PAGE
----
|dc.description.abstract||Numerous parasite species have evolved complex life cycles with multiple, subsequent hosts. For trematodes, life cycles have evolved from exploiting a single vertebrate host to incorporating intermediate hosts, with most trematodes now utilising three consecutive hosts. Each transmission event in multi-host life cycles creates obstacles selecting for various adaptations, one of which is facultative life cycle abbreviation.
In trematodes, facultative life cycle abbreviation occurs through progenesis, i.e. precocious maturity and reproduction via self-fertilisation within the second intermediate host. Progenesis eliminates the need for the definitive host and facilitates life cycle completion. Adopting a progenetic cycle may be a conditional strategy in response to environmental cues related to low probability of transmission to the definitive host. In this study, the effects of environmental factors on the reproductive strategy of the progenetic trematode, Stegodexamene anguillae, were investigated using laboratory and field studies. In the three-host life cycle, S. anguillae sexually reproduces within definitive hosts, two eel species, whereas in the progenetic life cycle, S. anguillae reproduces by selfing within the metacercarial cyst in tissues of the second intermediate fish host.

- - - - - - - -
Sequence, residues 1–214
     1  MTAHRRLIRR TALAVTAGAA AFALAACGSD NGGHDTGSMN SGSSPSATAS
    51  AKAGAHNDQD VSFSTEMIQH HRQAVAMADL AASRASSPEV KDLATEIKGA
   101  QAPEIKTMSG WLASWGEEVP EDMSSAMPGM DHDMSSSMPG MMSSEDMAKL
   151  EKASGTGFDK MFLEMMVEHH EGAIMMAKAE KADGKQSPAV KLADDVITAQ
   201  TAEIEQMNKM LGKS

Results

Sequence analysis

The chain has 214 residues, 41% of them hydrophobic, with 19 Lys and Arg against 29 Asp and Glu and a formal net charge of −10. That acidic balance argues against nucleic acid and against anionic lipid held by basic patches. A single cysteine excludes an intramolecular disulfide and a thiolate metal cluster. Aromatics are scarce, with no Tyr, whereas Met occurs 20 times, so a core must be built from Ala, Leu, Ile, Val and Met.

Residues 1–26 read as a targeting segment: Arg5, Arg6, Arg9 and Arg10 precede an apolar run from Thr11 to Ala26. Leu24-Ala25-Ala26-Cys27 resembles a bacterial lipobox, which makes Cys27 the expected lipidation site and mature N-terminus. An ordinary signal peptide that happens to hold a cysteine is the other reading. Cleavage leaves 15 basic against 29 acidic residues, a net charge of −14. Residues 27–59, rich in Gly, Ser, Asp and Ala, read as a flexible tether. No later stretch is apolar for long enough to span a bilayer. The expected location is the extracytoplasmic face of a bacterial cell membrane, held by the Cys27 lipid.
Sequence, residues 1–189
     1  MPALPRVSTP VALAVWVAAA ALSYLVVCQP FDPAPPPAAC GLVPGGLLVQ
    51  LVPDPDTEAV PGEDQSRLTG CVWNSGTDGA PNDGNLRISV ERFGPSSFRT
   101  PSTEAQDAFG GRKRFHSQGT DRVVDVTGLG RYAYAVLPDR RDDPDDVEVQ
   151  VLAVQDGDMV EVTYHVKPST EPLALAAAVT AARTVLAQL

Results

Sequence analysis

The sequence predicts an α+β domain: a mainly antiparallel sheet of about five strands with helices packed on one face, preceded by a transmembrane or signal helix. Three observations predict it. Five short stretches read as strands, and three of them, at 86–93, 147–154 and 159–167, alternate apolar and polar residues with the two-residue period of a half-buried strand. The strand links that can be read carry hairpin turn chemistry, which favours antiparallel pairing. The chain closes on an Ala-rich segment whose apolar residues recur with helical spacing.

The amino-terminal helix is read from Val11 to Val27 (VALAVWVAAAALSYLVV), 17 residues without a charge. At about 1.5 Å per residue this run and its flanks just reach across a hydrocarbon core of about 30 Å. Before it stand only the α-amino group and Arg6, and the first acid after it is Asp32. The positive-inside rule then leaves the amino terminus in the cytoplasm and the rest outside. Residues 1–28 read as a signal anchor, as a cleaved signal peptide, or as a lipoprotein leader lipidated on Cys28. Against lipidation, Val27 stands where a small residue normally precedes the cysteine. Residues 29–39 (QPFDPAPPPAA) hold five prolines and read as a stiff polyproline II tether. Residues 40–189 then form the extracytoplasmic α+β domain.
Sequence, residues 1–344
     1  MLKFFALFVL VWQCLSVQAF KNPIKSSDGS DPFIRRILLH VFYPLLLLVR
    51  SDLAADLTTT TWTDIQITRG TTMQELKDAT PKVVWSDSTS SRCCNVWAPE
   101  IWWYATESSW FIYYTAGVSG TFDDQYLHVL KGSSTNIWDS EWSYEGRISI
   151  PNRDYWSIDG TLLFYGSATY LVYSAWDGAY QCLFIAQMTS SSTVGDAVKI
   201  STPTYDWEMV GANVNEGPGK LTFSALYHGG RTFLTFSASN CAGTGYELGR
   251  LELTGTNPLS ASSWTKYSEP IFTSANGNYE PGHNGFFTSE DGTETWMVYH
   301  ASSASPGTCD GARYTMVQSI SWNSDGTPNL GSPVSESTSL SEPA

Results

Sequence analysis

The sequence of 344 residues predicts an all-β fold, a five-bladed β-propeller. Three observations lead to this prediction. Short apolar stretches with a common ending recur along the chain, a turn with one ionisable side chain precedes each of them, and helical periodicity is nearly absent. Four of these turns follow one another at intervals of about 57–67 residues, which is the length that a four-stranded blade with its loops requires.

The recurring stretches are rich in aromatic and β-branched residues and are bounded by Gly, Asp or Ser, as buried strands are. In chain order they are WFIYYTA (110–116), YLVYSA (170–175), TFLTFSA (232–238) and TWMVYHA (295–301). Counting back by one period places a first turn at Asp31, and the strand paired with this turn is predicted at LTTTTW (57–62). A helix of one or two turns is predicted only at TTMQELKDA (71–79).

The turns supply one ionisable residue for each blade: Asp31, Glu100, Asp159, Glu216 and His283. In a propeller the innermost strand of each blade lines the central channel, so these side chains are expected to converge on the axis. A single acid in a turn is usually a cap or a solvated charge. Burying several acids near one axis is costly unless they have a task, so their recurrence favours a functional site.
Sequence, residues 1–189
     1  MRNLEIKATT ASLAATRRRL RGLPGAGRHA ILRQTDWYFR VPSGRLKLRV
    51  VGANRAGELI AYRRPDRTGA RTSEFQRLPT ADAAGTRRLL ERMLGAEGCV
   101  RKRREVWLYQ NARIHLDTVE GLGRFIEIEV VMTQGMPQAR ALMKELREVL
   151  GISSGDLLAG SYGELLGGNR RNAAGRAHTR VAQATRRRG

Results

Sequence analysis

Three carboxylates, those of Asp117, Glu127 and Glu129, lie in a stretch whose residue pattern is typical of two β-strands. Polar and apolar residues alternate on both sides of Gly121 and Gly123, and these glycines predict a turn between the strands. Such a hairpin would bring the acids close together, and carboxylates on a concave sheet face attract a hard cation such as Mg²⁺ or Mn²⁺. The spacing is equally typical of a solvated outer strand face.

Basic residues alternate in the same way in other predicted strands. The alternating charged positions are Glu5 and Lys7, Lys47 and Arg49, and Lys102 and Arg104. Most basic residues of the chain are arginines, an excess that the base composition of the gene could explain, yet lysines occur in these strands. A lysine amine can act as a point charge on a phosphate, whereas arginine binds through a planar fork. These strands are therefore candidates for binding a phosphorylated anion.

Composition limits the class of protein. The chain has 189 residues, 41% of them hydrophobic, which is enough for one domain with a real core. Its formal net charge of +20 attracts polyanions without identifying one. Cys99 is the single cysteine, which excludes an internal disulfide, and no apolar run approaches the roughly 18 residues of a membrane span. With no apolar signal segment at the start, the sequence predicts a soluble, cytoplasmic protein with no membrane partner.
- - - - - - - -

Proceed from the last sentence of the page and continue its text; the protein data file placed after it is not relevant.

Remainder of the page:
Environmental factors that affect the probability of transmission to a definitive eel host, such as longevity of the current host and abundance of eels, should strongly influence the reproductive strategy of S. anguillae. The results suggest that cues from hosts under stressful conditions and encystment site within the host may signal transmission opportunities to the parasite so that it may adjust its developmental strategy accordingly. However, presence or abundance of the definitive eel host does not seem to affect the frequency of progenesis in S. anguillae.
Progenetic individuals face egg dispersal challenges associated with reproducing within metacercarial cysts inside a second intermediate host. Most progenetic species await host death for their eggs to be released into the environment. The present study investigated natural temporal variation of progenesis in S. anguillae in its second intermediate fish host and the effect of the fish’s reproductive cycle on progenesis. A greater proportion of individuals became progenetic in the gonads of female fish hosts than in other tissues. Additionally, progenesis of worms in the gonads was correlated with seasonal day length and temperature changes, major factors controlling fish reproduction. Host spawning events are likely to be an avenue of egg dispersal for the parasite, with the adoption of progenesis being conditional on whether or not the parasite can benefit from fish spawning.
This is the first study investigating variation in the frequency of progenesis among populations. Geographic variation was found in S. anguillae, independently of eel abundance or parasite population structure. Although not associated with geography, strong genetic differentiation existed between two clades of S. anguillae.
Altogether, this thesis provides evidence that life cycle abbreviation in S. anguillae is affected by various factors. This study is the first to compare life cycle strategies among parasite populations and provide insight into the real plasticity of life cycle abbreviation in nature. These findings highlight the often unrecognised plasticity in parasite developmental and transmission strategies.||en_NZ